Perhaps the instructor can elucidate for me how this is not an effort at indoctrination. A critical study of world literature would necessitate some comparative cultural analysis and their respective weaknesses and strengths. But a daily denunciation of the U.S. as one of the students indicated, “like it was an obsession to him,” can hardly be labeled “teaching.” The instructor marveled in his letter to the editor how I could “portray [him] as a cardboard cut-out and [his] class as an indoctrination session.” Actually, I didn’t have to. He did that perfectly well on his own. In his own words, “Yes. The commies and socialists have arrived.”

He continues his defense in his letter stating that he implements “a discursive, Socratic method of teaching.” Based on the experiences of the witnesses, it was genuinely discursive, as regular digressions to proselytize his anti-American venom were in great abundance. Socratic? There wasn’t too much evidence to support that claim. A true Socratic method would have proposed both sides of the U.S. issue and challenged students in a defense of the U.S. as well. Perhaps when he focused on the material, it was a viable educational experience. It’s when he digressed beyond that with the daily rants against the country that allowed him the freedom to bash it that it was no longer teaching, and had crossed the line to indoctrination.

Daily spewing of dogmatic ideology that is not supported by fact and that may have marginal relationship to the educational material is indoctrination, not teaching!

As stated before, I received an absolutely superb education at ISU because of the incredible professors I had. Not only were they extremely proficient in their disciplines, but they were not dogmatic in their instructional style. As their lectures coincided with current events, they were open to contrary opinion and divergent perspectives. They allowed open discussion without intimidation, in true Socratic fashion, only demanding of the students that they know and understand the facts, and be able to substantiate their conclusions accordingly.

While none of my ISU professors taught as ideologues, they nonetheless had their firmly held opinions and they shared them as warranted. However, even though their opinions were expressed, their lessons and discussions were open and engaging, and they taught us how to think without telling us what to think.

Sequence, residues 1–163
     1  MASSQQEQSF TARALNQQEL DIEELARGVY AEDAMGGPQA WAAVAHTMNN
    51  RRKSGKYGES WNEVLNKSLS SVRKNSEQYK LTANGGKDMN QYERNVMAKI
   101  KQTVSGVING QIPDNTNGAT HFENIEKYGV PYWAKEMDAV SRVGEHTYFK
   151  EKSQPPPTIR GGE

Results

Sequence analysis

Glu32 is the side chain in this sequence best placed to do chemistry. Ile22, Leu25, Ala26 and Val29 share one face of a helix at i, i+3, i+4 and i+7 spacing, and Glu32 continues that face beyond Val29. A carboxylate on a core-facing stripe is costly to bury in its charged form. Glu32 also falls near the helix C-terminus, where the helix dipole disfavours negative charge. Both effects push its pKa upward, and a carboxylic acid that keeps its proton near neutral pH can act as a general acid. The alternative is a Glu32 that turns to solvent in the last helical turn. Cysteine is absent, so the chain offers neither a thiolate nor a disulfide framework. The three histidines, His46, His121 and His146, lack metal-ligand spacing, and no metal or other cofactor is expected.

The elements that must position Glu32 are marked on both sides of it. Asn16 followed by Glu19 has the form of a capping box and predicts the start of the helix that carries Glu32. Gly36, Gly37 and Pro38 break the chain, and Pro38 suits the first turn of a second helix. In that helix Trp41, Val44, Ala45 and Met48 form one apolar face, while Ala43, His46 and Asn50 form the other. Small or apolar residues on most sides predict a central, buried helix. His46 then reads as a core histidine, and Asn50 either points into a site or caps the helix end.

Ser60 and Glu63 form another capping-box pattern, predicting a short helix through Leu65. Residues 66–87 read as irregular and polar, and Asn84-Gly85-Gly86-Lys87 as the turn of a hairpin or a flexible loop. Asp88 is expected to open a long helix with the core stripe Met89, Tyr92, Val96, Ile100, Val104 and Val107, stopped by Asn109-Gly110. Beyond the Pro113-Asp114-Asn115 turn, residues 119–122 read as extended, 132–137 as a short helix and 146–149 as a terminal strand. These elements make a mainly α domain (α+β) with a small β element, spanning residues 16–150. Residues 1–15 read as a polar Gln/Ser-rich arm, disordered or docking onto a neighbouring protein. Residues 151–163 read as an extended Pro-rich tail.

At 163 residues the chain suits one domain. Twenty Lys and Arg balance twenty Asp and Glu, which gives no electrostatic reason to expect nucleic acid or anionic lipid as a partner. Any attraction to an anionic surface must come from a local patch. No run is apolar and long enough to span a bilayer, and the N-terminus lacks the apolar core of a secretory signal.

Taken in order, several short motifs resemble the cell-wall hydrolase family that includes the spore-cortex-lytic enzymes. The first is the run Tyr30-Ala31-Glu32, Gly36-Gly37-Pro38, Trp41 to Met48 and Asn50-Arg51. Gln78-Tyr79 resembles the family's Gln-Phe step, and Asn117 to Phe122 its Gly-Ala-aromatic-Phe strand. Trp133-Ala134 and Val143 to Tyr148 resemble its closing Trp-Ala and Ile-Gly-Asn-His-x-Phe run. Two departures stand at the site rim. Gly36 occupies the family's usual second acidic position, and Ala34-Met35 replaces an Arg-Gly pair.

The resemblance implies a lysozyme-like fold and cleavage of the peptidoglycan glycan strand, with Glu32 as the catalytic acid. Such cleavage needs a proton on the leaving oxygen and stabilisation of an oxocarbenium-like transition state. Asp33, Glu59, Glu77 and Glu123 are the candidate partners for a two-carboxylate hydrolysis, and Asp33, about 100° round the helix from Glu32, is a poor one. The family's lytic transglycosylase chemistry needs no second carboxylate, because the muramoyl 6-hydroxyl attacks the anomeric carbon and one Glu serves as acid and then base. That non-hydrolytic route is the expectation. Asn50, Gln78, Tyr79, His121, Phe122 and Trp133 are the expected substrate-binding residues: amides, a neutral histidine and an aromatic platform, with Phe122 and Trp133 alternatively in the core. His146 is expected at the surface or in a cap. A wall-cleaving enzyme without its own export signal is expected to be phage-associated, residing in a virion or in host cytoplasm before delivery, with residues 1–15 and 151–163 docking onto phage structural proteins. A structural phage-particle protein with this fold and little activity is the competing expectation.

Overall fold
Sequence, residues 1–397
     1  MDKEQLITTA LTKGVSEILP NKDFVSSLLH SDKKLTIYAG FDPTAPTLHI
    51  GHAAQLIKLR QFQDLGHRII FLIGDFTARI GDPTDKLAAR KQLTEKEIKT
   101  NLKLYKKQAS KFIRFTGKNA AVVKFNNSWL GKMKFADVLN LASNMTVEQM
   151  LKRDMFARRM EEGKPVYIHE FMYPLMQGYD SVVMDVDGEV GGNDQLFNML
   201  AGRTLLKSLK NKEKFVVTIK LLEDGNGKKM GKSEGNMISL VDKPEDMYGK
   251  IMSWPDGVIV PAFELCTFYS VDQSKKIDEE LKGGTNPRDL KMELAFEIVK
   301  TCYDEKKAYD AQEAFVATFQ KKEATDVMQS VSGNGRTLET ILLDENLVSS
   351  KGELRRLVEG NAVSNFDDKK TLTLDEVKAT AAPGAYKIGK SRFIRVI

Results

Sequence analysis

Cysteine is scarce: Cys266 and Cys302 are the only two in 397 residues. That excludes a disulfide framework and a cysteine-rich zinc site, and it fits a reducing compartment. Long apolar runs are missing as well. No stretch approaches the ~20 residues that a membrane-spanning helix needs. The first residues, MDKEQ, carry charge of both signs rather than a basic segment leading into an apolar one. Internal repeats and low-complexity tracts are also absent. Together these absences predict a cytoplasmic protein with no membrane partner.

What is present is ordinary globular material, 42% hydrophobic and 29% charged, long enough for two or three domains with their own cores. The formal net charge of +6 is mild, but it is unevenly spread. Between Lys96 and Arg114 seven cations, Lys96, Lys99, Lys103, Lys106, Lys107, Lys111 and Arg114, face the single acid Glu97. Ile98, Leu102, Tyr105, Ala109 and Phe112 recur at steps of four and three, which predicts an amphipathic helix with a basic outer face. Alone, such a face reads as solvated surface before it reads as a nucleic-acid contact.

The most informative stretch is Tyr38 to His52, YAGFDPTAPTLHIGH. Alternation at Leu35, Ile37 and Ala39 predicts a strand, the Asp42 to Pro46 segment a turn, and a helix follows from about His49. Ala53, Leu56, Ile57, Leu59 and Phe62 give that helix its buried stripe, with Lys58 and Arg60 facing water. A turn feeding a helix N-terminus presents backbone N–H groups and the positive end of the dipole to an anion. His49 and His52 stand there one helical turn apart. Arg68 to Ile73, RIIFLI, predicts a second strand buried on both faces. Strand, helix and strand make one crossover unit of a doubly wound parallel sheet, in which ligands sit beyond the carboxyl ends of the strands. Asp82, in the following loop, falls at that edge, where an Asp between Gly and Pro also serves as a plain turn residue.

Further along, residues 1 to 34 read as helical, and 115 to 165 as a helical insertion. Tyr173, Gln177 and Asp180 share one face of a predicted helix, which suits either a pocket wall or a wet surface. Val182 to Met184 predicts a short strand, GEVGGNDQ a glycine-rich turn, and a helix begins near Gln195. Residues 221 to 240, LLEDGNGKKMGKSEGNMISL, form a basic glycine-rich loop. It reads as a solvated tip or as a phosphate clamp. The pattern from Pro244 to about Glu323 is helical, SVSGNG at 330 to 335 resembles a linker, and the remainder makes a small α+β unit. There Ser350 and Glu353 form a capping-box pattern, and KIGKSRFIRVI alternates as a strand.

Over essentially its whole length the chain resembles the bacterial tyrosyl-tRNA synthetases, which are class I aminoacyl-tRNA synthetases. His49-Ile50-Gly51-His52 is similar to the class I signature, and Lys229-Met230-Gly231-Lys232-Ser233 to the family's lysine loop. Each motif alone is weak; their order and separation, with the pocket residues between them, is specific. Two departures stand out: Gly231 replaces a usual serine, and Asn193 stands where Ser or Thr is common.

As adamantly and publicly as the instructor in question defended himself, he may not actually know the difference between teaching and indoctrinating. Some of my professors are still there, and I would encourage him to attend classes taught by Ron Hatzenbuehler, Jack Owens, or Rick Foster. They know the difference. They have never been “stuck” in any decade as the instructor accused, and continue to enlighten.

We as taxpayers pay our teachers to teach, not opine ad nauseam nor indoctrinate. As parents, we entrust our children to them to be taught. If the instructor insists on substituting teaching with incessant opining, and hates America as he daily told his students, perhaps he should go to Venezuela. I’m sure they’d welcome him with open arms.

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Posted in Education, Guest Posts, Pocatello Issues, Politics in General | 8 Comments »

Guest Post: Response to Richard Larsen’s Article on Indoctrination

February 6th, 2008 by Halli

This is a letter to the editor, printed in the Idaho State Journal. It was written by an instructor at Idaho State University who took umbrage at being accused of indoctrination rather than teaching in this previously posted article by Richard Larsen.

“In a Dec. 16, 2007, editorial, one Richard Larsen expressed his view that “indoctrination” should not be used by educators. In his article, he referred to an Idaho State University professor and quoted from my syllabus.

I am that professor. Mr. Larsen referenced his daughter as the source of her indoctrination, and she has informed me that I am, indeed, the brainwasher he mentions.

The quote he provideduotation marks, to be one of pure fantasy, or what one might deem fictitious. [Scott, I extracted the quote from the online course catalogue which described the course as follows: “The application of critical theory to the reading of world literature.” Is that the course, I think course 367 or something like that?]